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My school airplane has a Garmin G5 Electronic Flight Instrument and round gauge altimeter, but they have almost 50ft differential. The G5 shows 50 feet higher on the same altimeter setting.

So in IFR, when I shoot the approach or cruise flight, my primary altimeter is the G5 so I follow my G5 altimeter.

But my instructor said "you hit the minimum, because standby (round gauge) showing below (-50ft) the minimum..."

In this case should I follow my round gauge altimeter? Even though the G5 is alive?

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    $\begingroup$ "my primary altimeter is the G5" Why? $\endgroup$
    – Mast
    May 1, 2023 at 14:56
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    $\begingroup$ As a non-aviator layperson, I would always chose whichever shows the lowest altitude - I'd much rather find that there's 50ft of unexpected descent left before touchdown, than the opposite! $\endgroup$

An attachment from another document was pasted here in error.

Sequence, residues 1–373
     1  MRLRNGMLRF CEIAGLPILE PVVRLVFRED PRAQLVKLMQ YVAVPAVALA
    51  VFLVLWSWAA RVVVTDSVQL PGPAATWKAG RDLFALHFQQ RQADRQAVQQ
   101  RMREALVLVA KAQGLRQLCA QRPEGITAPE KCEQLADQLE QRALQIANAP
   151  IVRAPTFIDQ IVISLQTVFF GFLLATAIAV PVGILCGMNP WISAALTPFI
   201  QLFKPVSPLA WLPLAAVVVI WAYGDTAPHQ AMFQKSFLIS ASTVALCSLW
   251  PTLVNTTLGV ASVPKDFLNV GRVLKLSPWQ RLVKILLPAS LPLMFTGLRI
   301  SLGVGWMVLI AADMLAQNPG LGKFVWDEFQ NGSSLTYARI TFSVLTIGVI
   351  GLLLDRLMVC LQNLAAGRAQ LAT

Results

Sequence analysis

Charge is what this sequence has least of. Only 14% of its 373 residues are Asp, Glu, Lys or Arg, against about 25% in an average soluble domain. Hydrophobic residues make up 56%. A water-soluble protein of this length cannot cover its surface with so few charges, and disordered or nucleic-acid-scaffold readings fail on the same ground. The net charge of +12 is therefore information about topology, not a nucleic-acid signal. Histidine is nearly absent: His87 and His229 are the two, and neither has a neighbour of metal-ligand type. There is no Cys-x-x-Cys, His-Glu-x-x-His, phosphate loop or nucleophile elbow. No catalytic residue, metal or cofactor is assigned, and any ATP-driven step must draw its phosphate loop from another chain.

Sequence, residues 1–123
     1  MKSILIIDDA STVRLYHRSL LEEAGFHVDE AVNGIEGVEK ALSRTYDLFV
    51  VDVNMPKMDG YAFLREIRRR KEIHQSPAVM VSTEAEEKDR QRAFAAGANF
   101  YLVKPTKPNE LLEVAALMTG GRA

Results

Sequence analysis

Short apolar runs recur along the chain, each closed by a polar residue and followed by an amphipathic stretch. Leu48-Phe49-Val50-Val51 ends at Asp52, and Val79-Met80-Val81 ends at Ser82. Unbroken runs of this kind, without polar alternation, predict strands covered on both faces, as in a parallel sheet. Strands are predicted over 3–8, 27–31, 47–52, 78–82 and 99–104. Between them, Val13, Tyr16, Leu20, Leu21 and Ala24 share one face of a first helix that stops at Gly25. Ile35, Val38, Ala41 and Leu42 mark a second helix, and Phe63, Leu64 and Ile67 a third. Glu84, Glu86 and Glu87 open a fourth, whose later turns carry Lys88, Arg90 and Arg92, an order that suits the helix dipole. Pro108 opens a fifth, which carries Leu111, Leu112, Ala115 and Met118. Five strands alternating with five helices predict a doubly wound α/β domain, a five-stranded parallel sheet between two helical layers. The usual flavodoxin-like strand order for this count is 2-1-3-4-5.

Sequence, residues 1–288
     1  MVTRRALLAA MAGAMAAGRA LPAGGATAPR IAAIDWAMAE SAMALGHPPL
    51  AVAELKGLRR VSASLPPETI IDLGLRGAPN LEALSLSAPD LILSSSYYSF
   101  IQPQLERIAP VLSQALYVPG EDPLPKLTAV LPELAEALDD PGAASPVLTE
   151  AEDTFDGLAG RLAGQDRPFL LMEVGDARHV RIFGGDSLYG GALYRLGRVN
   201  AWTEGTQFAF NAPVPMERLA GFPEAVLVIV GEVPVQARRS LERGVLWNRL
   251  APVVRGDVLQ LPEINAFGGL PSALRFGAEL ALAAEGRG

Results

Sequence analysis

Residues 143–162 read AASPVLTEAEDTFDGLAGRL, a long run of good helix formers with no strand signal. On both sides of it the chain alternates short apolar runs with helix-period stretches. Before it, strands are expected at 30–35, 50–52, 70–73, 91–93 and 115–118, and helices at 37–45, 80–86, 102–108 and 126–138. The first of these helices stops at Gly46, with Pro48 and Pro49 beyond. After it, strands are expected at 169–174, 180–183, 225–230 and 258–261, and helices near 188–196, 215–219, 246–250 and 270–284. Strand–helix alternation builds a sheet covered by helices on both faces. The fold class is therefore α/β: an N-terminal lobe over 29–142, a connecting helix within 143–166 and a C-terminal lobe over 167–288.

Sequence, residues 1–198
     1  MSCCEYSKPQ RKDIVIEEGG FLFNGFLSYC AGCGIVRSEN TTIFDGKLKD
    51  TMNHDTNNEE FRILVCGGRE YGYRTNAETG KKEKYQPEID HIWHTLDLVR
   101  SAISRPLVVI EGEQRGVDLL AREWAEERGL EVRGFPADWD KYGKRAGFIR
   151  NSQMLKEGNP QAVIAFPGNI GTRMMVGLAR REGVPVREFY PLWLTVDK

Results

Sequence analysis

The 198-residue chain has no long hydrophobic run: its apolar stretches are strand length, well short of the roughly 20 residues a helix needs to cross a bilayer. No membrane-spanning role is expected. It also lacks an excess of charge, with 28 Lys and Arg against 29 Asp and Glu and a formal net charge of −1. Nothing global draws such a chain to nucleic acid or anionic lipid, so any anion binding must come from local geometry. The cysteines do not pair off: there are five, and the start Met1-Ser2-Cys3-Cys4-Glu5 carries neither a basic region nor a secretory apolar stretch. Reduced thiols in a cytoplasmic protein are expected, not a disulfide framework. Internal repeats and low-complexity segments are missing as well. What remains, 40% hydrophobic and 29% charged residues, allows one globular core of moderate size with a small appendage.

– noughtnaut
    May 2, 2023 at 10:39
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    $\begingroup$ @Noughtnaut Satellite (GPS) and barometric (normal) altimeters are never used to determine touchdown height, or used at all below the MDA or DH ("decision height"). In that regime only radio (radar) altimeters are useful, and still are not a primary landing aid except for autoland. $\endgroup$
    – TypeIA
    May 2, 2023 at 15:17
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    $\begingroup$ The old "man with two watches never knows what time it is" conundrum. $\endgroup$
    – Criggie
    May 2, 2023 at 18:13
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    $\begingroup$ @noughtnaut, as a non-aviator layperson, hopefully you (and 15 others...) learned something from Chris' answer! I get your point though. ;) $\endgroup$ May 3, 2023 at 19:41

2 Answers 2

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The G5 is not certified as a primary altimeter- its information is advisory only. From a legal standpoint, your primary altimeter is always the certified one- in your case, the steam gauge one.

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Garmin itself says:

With the Auto Calibration feature turned on, the altimeter accuracy can range from +/- 50 to 125 feet (same as GPS elevation).

You can draw your own conclusions from this!

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